All too rare grapes: expressive, distinctive, delicious

You needn’t have visited this site much to notice my ardor for varieties that are considered “secondary” in the wine world’s weird pecking order.

I’m a huge fan of cabernet and sundry expressions of Burgundy’s grapes, chardonnay and pinot noir. Riesling often makes me swoon like a lovesick swain.

But I take special delight in exploring and enjoying trousseau and fiano, sagrantino and assyrtiko, negroamaro and verdejo, plus scores of grapes that don’t end with an Angela“o” sound. I am not a member of the Century Club, but I have long since surpassed eligibility standards. Blessedly, I have quite a few friends who share this vinous wanderlust at least this much (left).

Even more fortuitously, more and more California vintners are delving into this territory, and more and more renditions are arriving from regions in which they have long been known to thrive. Out west, some of these folks have organized a bit and even held gatherings under the “7 Percent Solution” banner (showcasing varieties other than the seven grapes that make up 93 percent of California plantings.

So, determined not to wait the usual two-plus years for a coastal trend to reach the Scholiumhinterlands, several of us gathered at my friends Jason and Angela’s house to sample wines from Massican, Arnot-Roberts, the Scholium Project, Turley and a few European offerings from those who had no domestic examples.

And, well, wow. Not every wine knocked it out of the park, but all were well made and interesting. Some were revelations (the Foley charbono with Jason’s fantastic mixed grill, a Yalumba Wrattonbully Botrytis Viognier with Angela’s epic homemade strawberry ice cream).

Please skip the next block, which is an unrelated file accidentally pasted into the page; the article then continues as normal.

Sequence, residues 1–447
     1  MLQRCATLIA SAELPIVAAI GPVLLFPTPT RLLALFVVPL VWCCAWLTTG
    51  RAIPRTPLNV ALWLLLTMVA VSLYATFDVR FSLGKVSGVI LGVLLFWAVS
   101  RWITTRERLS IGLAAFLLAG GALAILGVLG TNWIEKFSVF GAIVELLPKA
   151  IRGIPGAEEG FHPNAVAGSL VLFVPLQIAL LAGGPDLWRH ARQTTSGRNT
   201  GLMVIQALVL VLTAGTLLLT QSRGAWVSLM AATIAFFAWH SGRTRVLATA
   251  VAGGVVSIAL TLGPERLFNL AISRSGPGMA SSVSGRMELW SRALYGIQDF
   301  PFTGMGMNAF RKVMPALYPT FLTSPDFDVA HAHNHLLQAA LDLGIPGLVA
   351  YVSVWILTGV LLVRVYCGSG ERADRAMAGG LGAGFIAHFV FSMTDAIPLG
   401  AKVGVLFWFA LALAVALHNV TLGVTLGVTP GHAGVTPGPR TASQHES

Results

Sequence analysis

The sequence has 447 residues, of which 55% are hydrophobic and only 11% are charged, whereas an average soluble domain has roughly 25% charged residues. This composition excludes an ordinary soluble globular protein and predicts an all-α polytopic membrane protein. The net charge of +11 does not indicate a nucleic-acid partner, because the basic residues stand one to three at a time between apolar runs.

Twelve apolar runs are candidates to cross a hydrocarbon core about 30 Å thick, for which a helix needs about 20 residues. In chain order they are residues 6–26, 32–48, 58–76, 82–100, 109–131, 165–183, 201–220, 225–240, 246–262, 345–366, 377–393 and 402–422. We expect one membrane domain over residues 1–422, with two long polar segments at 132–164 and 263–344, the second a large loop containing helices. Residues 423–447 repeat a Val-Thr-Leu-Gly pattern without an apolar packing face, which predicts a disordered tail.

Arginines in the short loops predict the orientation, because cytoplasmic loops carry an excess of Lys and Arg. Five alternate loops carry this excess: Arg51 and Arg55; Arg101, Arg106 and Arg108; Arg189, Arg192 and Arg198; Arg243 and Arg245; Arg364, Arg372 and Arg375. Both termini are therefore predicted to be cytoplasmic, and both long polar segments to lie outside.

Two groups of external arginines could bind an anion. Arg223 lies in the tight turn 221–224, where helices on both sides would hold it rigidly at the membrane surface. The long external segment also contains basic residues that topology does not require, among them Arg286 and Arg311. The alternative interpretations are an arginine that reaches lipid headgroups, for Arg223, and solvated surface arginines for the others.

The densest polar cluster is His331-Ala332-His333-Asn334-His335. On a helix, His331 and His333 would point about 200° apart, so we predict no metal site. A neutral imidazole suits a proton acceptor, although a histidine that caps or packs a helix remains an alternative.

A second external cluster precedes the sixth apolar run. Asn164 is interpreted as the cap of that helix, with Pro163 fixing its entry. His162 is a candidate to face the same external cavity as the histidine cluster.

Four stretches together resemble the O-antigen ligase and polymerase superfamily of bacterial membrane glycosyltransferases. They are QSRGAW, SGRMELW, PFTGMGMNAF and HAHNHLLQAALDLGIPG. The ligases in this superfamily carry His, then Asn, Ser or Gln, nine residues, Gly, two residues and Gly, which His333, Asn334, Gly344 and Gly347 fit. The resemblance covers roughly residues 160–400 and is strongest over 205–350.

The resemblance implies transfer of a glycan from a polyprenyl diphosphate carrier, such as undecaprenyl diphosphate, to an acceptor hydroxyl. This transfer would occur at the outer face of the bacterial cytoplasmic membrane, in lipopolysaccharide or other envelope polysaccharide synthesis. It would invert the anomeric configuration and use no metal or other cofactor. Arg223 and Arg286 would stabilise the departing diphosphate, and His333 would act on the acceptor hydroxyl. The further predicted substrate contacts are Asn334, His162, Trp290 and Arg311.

In fact, as my friend Lonny noted, “they all seemed to be great wines with food, something that over-the-top chards and big grapefruity/grassy sauv blancs struggle to do.”

For Lonny, the wine of the night was the Masssican Annia blend, and immodesty Massican 2allows me to agree even though I had brought the wine (and ordered several more the next day). It embodied what the night was all about: expressive and distinctive wines that also taste pretty damn swell.

At a couple of points I asked some of the group whether these wines would seem so special if we drank them as often as we do the “93 percent grapes.” No one had a firm response, probably because it is unknowable and thus a dumb question.

But as usual, my friend Joe had the best take: “What I do know is that these are wines produced by people who are more about passion than profit and chosen by wine lovers. And oh, that ice cream!”



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